Students transferring from a community college or other university may petition for sociology credit for courses taken at their previous institution. For students transferring from the California Community College System, articulation agreements for many courses have been developed that facilitate the petition process.

Transferring Lower-Division Credit

The four lower-division requirements for a major in sociology are

It is important to note that eight of the twelve upper-division courses in the undergraduate program must be taken in the Department of Sociology at UC San Diego, unless students obtain special acceptance of additional courses from the chair and the faculty undergraduate adviser.

The Minor

The minor consists of seven sociology courses: two lower division and five upper division. Unless colleges specify specific courses to be taken, the student may choose any two lower-division sociology courses (SOCI 1, 2, 10, 20, 30, 40, or 60) and any five upper-division courses (SOCI 100 to 190). Courses for the minor must be taken for a letter grade only. Special study courses or internships may not be applied toward the minor.

The Honors Program

The Department of Sociology offers an honors program to those students who have demonstrated excellence in the sociology major. Successful completion of the honors program enables the student to graduate With Highest Distinction, With High Distinction, or With Distinction, depending upon performance in the program.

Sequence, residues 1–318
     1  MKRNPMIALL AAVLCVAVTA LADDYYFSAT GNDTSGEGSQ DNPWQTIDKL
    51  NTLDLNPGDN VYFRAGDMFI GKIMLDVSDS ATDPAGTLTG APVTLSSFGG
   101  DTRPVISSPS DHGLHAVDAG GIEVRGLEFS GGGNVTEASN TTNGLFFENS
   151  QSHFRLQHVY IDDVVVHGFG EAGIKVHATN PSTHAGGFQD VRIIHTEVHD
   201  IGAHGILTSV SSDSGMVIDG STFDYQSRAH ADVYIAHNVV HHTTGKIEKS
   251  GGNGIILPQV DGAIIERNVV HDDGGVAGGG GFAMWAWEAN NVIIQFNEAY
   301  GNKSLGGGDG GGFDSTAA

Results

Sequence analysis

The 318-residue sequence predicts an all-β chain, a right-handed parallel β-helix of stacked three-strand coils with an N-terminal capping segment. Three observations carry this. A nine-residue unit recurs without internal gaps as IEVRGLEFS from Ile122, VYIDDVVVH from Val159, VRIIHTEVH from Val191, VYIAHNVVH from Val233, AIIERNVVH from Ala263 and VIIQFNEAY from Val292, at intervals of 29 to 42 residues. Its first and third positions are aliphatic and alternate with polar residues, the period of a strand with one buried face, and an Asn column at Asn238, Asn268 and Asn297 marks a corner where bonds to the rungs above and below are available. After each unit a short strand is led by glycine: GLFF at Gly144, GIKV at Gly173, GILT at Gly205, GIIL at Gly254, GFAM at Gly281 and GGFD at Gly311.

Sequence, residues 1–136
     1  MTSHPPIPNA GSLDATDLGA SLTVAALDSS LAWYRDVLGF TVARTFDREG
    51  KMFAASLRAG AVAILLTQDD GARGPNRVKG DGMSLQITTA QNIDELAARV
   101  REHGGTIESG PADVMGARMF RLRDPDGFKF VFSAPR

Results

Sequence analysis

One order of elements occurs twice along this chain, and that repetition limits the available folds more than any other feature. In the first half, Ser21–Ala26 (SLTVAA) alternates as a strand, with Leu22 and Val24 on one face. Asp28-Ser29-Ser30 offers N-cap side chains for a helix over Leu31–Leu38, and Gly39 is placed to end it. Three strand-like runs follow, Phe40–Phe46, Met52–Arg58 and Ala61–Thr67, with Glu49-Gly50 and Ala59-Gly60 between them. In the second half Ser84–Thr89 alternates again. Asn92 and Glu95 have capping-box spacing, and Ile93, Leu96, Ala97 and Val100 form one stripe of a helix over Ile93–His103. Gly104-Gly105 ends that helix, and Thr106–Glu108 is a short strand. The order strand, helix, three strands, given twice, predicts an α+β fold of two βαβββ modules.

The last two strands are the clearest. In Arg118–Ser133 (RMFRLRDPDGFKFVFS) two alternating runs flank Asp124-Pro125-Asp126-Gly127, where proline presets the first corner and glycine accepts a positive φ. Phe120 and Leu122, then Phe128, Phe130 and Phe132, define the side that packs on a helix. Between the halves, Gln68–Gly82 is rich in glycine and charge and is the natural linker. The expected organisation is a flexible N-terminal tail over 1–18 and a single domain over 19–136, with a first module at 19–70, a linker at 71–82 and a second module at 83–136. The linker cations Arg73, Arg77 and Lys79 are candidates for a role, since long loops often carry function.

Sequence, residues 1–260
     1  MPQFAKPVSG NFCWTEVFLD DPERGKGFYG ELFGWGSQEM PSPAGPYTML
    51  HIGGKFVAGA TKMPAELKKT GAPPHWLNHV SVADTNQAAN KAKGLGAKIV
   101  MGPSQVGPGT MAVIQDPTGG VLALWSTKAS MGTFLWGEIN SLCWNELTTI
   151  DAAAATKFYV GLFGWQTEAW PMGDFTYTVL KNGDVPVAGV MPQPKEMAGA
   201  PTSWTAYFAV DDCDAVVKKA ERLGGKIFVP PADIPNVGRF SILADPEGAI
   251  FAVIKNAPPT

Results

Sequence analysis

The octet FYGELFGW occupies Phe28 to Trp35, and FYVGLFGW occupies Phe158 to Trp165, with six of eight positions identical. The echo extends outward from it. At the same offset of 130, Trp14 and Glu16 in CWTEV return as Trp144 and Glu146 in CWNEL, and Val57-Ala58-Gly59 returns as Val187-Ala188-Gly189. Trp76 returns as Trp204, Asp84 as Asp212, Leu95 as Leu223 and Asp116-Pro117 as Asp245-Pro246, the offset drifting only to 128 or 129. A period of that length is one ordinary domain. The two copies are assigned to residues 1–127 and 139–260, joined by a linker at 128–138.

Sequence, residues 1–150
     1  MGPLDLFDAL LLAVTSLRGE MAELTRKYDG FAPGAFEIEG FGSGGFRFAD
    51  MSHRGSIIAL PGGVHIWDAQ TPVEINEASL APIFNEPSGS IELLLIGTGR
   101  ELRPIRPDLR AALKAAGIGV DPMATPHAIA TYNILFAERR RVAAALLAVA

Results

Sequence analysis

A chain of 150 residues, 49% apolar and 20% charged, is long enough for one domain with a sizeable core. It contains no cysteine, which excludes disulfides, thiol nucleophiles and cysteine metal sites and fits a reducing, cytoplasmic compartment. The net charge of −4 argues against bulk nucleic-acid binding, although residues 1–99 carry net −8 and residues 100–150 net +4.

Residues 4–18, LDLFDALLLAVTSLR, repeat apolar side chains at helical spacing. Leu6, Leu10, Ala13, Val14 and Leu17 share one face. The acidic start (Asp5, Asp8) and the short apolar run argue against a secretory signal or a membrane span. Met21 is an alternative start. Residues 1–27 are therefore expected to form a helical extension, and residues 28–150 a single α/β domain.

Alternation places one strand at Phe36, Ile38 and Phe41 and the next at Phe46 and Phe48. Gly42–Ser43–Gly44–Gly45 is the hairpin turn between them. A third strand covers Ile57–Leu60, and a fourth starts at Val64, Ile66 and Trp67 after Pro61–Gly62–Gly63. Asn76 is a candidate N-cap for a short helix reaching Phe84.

Eligibility

Students may apply to the honors program if they meet the following requirements:

  1. junior standing (ninety units completed)
  2. GPA of 3.5 or better in the major
  3. recommendation of a faculty sponsor familiar with student’s work
  4. must have completed at least four upper-division sociology courses
  5. overall GPA of 3.2 or better
  6. must have completed SOCI 100 and one upper-division methods course prior to the fall quarter when the honors course begins; alternatively, the consent of the honors program director or the undergraduate adviser must be obtained

Interested students may pick up an application from the staff undergraduate coordinator in the Department of Sociology. Completed applications must be in the department office no later than week five of the spring quarter prior to the start of the honors program in the fall.

Students traveling abroad during their junior year should note that the deadline for applications still applies to them and should make arrangements accordingly.

Enrollment in the honors program is limited. Final decisions on acceptance into the program will be made by the presiding faculty member.

Course Requirement

The student must take SOCI 196A, Advanced Studies in Sociology, and SOCI 196B, Supervised Thesis Research, which will count as two of the twelve upper-division courses required for the major. Each student will choose a faculty adviser to help supervise the thesis research and writing with the honors program director.

Students whose GPA in the major falls below 3.5 or who do not earn at least an A– in the honors seminars will not graduate with distinction, but they may count the two honors courses among the twelve upper-division courses required for the major. Students must maintain a 3.5 GPA in the major and a 3.2 overall GPA until final graduation, in order to receive honors in the sociology honors program. To graduate With Highest Distinction the student must earn an A+; to graduate With High Distinction the student must earn an A; and to graduate With Distinction the grade must be an A–.